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Biosensors

Researchers at Florida Atlantic University (FAU) have created a cheap and simple biosensing platform that is able to detect the presence of various types of harmful bacteria and viruses in a single drop of blood. When used in conjunction with a smartphone, the system offers the potential of diagnosing diseases in remote locations from anywhere in the world. Read More
Turkeys may not be everyone's idea of beautiful birds, but they certainly have colorful skin on their heads. What's more, that skin changes color with the animal's mood. Scientists at the University of California, Berkeley, have now copied the process by which those color changes occur, and used it to create a biosensor that could be used to detect airborne toxins. Read More
Many claim that talking to plants helps them grow faster. But what if the plants could talk back? That’s what the EU-funded PLants Employed As SEnsing Devices (PLEASED) project is hoping to achieve by creating plant cyborgs, or "plant-borgs." While this technology won't allow green thumbs to carry on a conversation with their plants, it will provide feedback on their environment by enabling the plants to act as biosensors. Read More
If physicians have a sufficiently-early warning that a patient’s body is rejecting a transplanted organ, then there’s a good chance that they can stop the process via medication. Implanted electronic sensors could serve to provide that warning as early as possible, and thanks to new research, they’re coming a step closer to practical use. Read More
A multidisciplinary Brazilian research team has developed a biosensor to measure pesticide content on food produce, water and soil. The technology is in its development phase, but if developed into a commercial product it could provide a cheap, affordable and portable method to monitor this type of contamination. Read More
We already know that smartphones can perform many of the same features as more expensive computers, cameras and other devices. Now, a portable iPhone cradle made up of about US$200 worth of electronics is claimed to be as accurate of a biosensor as a $50,000 spectrophotometer that remains stuck in a lab. Read More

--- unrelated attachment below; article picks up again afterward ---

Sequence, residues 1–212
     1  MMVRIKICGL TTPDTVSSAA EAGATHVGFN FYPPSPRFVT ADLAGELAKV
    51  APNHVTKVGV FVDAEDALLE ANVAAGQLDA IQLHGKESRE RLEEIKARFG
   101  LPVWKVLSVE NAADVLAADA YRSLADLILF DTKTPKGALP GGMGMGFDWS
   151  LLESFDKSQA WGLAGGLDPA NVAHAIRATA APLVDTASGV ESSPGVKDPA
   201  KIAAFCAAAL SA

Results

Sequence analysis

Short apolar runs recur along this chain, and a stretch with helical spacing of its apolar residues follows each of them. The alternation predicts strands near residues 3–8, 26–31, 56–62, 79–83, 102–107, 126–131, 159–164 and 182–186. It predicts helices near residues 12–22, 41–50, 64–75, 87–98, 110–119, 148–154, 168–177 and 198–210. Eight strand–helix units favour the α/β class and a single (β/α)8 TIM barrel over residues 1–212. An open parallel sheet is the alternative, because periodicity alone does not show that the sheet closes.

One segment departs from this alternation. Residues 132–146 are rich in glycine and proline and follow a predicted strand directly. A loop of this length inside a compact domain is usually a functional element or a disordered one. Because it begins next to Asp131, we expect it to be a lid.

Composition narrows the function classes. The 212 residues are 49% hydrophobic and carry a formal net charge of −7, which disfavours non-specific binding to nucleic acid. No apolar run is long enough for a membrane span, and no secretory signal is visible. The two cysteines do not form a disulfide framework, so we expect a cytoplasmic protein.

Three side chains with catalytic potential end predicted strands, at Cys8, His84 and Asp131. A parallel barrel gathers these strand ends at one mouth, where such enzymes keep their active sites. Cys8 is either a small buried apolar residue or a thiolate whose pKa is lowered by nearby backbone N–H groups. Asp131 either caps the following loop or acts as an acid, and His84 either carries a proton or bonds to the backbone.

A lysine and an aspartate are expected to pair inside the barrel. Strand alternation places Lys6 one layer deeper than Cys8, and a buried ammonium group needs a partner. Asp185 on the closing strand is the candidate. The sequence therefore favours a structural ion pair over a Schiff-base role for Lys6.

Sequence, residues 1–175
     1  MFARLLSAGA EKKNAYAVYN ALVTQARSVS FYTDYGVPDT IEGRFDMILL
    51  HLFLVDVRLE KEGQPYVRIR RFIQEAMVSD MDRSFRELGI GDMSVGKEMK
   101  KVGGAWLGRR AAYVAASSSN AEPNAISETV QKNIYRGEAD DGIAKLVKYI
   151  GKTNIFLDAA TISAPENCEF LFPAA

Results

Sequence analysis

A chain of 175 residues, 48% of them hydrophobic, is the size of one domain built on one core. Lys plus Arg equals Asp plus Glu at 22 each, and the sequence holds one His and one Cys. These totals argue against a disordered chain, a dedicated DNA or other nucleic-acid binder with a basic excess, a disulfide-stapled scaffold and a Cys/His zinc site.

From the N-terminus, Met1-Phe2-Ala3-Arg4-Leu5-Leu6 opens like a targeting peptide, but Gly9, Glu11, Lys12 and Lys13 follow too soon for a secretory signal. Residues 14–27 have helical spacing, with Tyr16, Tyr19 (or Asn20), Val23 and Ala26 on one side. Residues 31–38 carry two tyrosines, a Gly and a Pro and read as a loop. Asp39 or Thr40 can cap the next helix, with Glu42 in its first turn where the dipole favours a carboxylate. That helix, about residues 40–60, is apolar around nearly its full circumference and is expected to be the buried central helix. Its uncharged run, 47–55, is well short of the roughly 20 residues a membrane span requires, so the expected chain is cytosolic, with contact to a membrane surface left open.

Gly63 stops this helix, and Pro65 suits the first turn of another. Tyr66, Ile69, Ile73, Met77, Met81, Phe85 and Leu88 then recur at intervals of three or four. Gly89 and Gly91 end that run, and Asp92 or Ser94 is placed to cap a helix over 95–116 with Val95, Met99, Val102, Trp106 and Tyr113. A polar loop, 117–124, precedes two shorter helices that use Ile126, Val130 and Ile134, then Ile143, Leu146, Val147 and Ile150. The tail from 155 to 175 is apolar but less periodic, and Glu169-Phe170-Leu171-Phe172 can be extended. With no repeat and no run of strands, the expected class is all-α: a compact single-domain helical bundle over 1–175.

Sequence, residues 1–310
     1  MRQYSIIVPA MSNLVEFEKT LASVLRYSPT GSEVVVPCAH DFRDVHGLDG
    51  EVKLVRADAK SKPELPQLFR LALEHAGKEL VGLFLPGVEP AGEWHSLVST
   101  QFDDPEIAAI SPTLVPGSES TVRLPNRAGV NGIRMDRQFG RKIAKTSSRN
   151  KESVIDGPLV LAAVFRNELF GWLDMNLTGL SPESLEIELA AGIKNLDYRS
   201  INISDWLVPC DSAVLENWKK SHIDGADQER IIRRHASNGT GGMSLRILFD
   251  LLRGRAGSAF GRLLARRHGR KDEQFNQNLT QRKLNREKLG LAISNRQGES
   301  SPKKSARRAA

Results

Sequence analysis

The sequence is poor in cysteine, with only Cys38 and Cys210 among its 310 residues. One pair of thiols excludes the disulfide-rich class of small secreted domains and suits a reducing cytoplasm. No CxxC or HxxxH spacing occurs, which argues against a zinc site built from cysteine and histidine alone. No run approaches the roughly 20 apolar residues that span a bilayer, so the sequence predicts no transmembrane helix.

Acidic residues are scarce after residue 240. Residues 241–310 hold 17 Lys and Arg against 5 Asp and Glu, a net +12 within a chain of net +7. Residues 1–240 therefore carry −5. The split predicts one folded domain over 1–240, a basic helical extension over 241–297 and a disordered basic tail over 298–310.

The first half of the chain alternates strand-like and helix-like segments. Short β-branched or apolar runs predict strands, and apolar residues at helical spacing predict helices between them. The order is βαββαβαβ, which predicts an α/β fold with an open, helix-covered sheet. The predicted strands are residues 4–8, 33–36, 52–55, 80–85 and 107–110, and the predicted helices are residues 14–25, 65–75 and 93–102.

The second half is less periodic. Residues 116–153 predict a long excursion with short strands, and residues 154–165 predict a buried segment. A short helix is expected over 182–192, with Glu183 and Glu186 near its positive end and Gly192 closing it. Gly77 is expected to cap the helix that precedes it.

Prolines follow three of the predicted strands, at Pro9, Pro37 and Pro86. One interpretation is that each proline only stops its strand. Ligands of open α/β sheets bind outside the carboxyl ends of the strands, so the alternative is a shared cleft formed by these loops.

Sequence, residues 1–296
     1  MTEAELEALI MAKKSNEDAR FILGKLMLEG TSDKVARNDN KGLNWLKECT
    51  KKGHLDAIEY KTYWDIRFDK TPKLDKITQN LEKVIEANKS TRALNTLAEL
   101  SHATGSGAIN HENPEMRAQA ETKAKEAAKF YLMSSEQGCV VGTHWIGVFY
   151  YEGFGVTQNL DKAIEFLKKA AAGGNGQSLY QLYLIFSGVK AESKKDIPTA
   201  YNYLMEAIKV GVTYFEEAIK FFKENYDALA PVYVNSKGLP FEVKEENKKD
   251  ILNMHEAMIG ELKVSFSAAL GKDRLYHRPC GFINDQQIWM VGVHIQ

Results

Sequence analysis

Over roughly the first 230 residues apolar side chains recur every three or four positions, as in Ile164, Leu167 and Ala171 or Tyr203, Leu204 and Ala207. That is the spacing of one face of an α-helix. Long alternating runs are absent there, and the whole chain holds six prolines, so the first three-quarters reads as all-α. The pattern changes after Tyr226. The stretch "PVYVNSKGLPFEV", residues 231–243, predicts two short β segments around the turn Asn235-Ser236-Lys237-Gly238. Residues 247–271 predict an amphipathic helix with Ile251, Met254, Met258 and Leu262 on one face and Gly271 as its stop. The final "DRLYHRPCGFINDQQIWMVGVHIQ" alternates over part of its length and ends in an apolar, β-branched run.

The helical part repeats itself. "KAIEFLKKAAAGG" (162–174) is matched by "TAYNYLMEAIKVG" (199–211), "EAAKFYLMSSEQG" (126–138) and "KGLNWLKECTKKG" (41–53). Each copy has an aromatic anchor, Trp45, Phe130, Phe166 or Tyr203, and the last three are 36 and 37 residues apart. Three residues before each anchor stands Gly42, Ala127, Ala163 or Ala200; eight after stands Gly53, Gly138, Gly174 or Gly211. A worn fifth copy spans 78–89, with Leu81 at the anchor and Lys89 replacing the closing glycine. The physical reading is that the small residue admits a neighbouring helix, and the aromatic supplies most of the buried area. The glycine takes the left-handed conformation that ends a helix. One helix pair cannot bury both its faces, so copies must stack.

Using a 3D printer, researchers at the University of Illinois have developed synthetic "bio-bots" about seven millimeters long that are powered by embedded cardiac cells that give them the ability to "walk" on their own. The researchers say they are just scratching the surface of what is possible, with their work potentially leading to millimeter-scale medical or environmental sensors that that can seek out and neutralize harmful toxins. Read More
Despite promising developments in recent years, millions of type-1 diabetes sufferers worldwide still face the often-painful daily burden of finger sticks to test their blood glucose levels. Now researchers at the Fraunhofer Institute for Microelectronic Circuits and Systems (IMS) have developed a biosensor that provides a non-invasive way to measure blood glucose levels and can transmit its readings wirelessly to a mobile device. Read More
Over the next six months, the United States Department of Homeland Security’s Science and Technology Directorate is releasing a harmless bacterium into the underground train system as part of its “Detect to Protect” program. It’s purpose isn’t to frighten commuters, but to test sensors designed to detect biological weapon attacks. Read More
Researchers led by Professor Stephen Arnold at Polytechnic Institute of New York University have developed a new ultra-sensitive biosensor. Currently undergoing commercial development, the sensor is designed to inexpensively identify viruses in a doctor’s office within a matter of minutes instead of the weeks needed by conventional techniques ... and it can detect even the smallest RNA virus particle, MS2, which weighs only six attograms (10-18 grams). Read More
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